| Art

Dreaming in Northern Cheyenne: Jordan Ann Craig

Jordan Ann Craig’s exhibition reworks Northern Cheyenne quill and bead patterns, positioning them to explore space, time, our environment, and cultural memories

Jordan Ann Craig, Soft Like, 2021

When ‘Northern Cheyenne’ is searched for on Google, the fourth commonly asked question is ‘Do the Cheyenne Indians still exist?’. Despite the slaughter of the indigenous peoples of America by mostly European settlers and the germs that they carried, the residences of the Native American people are home to evolving, multi-faceted cultures which seem to rarely get the media coverage that they deserve.

Though the colonisation of America happened long ago, the perceived superiority of what some define as ‘Western’ concepts to those found in other cultures hasn’t. Jordan Ann Craig’s exhibition Your Wildest Dreams (2021) is a powerful Northern Cheyenne voice in the consumerist streets of London, demanding attention and respect for a stunning intellectual aesthetic and the people that produce it. Given Craig’s cultural background and artistic experience, she is the perfect candidate. The only question that remains is what does Craig have to say?

Jordan Ann Craig, Always Playing Games, 2021
Jordan Ann Craig, Always Playing Games, 2021

Craig is a Northern Cheyenne artist who grew up in San Francisco Bay Area, finally leaving for Dartmouth College to study for her BA. She makes paintings, prints, collages, textile prints, and artist books, has an impressive seventeen awards from fourteen different establishments and has clocked up eleven residencies across the globe. What Craig wants, however, is to represent the woman from the same culture as her own, and to raise awareness that not only do the Northern Cheyenne still exist, but they have voices worth listening to. Showcasing contemporary versions of classic designs, Your Wildest Dreams championed Northern Cheyenne culture at the spacious yet intimate October Gallery. Though some of Craig’s art was featured in Portal II in October Gallery during 2019, this marked Craig’s first solo London exhibition.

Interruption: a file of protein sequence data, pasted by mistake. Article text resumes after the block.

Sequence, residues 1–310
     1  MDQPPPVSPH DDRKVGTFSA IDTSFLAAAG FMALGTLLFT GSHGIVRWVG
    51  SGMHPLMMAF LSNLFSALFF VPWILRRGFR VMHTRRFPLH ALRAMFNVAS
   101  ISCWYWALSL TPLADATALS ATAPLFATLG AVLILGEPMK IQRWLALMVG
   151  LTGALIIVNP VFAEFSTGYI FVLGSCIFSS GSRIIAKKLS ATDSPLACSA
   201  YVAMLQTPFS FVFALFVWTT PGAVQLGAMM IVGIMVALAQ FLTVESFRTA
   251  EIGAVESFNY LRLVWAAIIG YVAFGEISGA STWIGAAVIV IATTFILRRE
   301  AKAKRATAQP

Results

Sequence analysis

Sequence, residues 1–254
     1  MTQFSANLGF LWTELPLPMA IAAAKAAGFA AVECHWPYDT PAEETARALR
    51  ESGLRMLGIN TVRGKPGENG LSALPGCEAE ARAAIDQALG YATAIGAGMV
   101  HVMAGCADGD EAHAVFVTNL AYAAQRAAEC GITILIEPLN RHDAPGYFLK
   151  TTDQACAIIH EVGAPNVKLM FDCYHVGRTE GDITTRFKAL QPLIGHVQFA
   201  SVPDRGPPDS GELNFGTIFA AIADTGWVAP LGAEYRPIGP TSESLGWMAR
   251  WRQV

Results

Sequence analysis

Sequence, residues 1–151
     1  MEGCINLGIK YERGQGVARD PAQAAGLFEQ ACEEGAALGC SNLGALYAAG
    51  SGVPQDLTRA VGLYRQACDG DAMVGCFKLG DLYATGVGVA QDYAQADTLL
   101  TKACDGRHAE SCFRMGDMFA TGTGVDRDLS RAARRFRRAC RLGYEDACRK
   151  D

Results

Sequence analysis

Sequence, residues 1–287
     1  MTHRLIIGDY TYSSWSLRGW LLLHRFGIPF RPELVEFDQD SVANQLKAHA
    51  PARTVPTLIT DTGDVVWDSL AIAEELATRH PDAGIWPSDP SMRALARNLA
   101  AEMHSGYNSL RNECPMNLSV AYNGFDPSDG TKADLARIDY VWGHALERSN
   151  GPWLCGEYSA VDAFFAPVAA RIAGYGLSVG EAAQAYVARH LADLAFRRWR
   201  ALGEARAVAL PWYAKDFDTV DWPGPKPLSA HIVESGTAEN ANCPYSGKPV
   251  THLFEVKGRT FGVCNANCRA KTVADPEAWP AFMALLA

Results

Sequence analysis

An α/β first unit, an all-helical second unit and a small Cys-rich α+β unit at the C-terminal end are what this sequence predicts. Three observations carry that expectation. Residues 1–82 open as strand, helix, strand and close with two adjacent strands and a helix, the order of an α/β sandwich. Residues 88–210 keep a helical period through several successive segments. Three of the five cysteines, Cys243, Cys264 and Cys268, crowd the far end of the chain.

The compositions were sparsely placed, consciously drawing focus to what each was trying to convey, though also offering a dive into geometric patterns and hypnotic shades. October Gallery was the perfect home for Craig’s first solo exhibition in London, the minimalist well-lit area breathing fresh life into already vibrant artworks. The viewer moves from feeling, to creation, to epiphany, representative of Craig’s symmetrical vision.

Jordan Ann Craig by Devlin Gandy
Jordan Ann Craig by Devlin Gandy

The patterns of the artwork are taken from quill and bead designs, whilst the canvas and backdrop are reminiscent of traditional Native American blankets, such as the Navajo blanket. Taking inspiration from contemporary pieces, Craig mixes modern theory with traditional elements to make her own. Other works of Craig’s take patterns from pieces of ‘lived’ Northern Cheyenne items, such as moccasins. Though not Northern Cheyenne, Joshua Baer (2012) writes that there is an idealization of balance that appears in classic Navajo blankets. 

You can see the similarity to Craig’s work in the picture of the Woodhouse Bayeta First Phase Chief’s Blanket, Navajo, circa 1840, below. Baer (2012) writes, “While the Navajo have no words for “art” or for “beauty,” they do have a word for “balance.” In Navajo, hozho refers to a state of being where the natural and the supernatural coexist, similar to what Catholics call “a state of grace.” In Craig’s work, you can see her dedication to symmetry, precision, coordination and ultimately balance, as seen in the artwork also named Your Wildest Dreams (2021) seen below.